HMO Act of 1973
Legal entity separated from the HMO
Represents a large number of physicians
HMO pays capitation to IPA
HMO responsible for providing health care services
IPA can be establish independently, by HMOs, or hospital based
Buffer between HMO and physicians
Most successful Independent-Practice Association (IPA) Contracts with more than one medical group practice
Physicians maintain offices
Compensated through capitation
Provide all physical services
Can see non-HMO and HMO patients
Offers patient choice of physicians and managed costs
Risky Network Model Classified in 2 ways
The group practice employs
All-inclusive capitation fee
Large group contracts
Benefits similar to Staff model HMOs
Kaiser Foundation Health Plan
The Geisinger Clinic Group Model Physician employees
Harvard Community Health Plan
Group Health Cooperative of Puget Sound
Salary and Work hours
No longer Popular Staff-Model Cannot be categorized
Combination of delivery systems
Widest variety of choice
Broadest geographic coverage to members Mixed Model Provides medical care to the ill
Provides services to maintain health
Requires Primary care physician
Provider is paid a fee regardless of service type
Health care is obtained from in-network hospitals
Exception is a carve out
4 common HMO models
Independent Practice Association (IPA) Health Maintenance Organizations Combines HMOs and PPOs
Alternative to restricted choice
Primary care doctor
Features from HMOs
Features from PPOs Point-of-Service Plan If you have Medicare and other health insurance or coverage, each type of coverage is called a "payer." When there's more than one payer, "coordination of benefits" rules decide which one pays first. The "primary payer" pays what it owes on your bills first, and then sends the rest to the "secondary payer" to pay. In some cases, there may also be a third payer. OTHER INSURANCES You are 65 or older
Received Social Security benefits
Are not getting Social Security benefits, but you have worked long enough to be eligible for them
Worked enough in a federal, state or local government job to be insured for Medicare Requirements Medicare is the federal health insurance program for people who are 65 or older, certain younger people with disabilities
Managed care contracts are commonly referred to as risk contracts in which the MCO is liable for services regardless of their expenses. It establishes that you cannot perform job duties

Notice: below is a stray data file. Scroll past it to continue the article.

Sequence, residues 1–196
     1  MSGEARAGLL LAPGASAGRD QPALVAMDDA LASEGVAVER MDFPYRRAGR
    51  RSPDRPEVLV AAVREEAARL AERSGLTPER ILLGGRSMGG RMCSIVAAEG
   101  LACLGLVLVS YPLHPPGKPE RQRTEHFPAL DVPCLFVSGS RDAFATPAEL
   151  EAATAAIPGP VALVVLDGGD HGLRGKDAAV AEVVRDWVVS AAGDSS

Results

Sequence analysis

Your medical condition(s) must have lasted, or be expected to last, at least 1 year, or be expected to result in your death. To illustrate, patient with End-Stage Renal Disease. Disability Disease management focuses on groups of patients with the same chronic conditions. Health care professionals educate, train in self-management, monitor progress of disease, and follow up to ensure patients are following medical regiments. Disease Management Case management focuses on the individual. An experienced health care professional evaluates and coordinates care for patients with complex and potentially very costly problems. Patients are categorized as high-risk and usually require a variety of services from multiple providers. Case Management Cost Control Methods Prospective UR – Determined before care is given
Concurrent UR – Determined on daily basis, the time necessary for stay in a hospital
Retrospective UR – review of utilization after services are given 3 Types of UR A primary-care provider who coordinates patient care and provides referrals to specialists, hospitals, laboratories, and other medical services. Gatekeeping In-Network Access (close-panel)
An in-network provider is one contracted with the health insurance company to provide services to plan members for specific pre-negotiated rates
Out-of-Network Access (open-panel)
An out-of-network provider is one not contracted with the health insurance plan Choice Restriction There are three types of utilization review:
Concurrent UR and discharging planning
Retrospective UR Analysis of the necessity, appropriateness, and efficiency of medical services, procedures, facilities, and practitioners. Also to ensure that services are cost-efficient. Utilization Review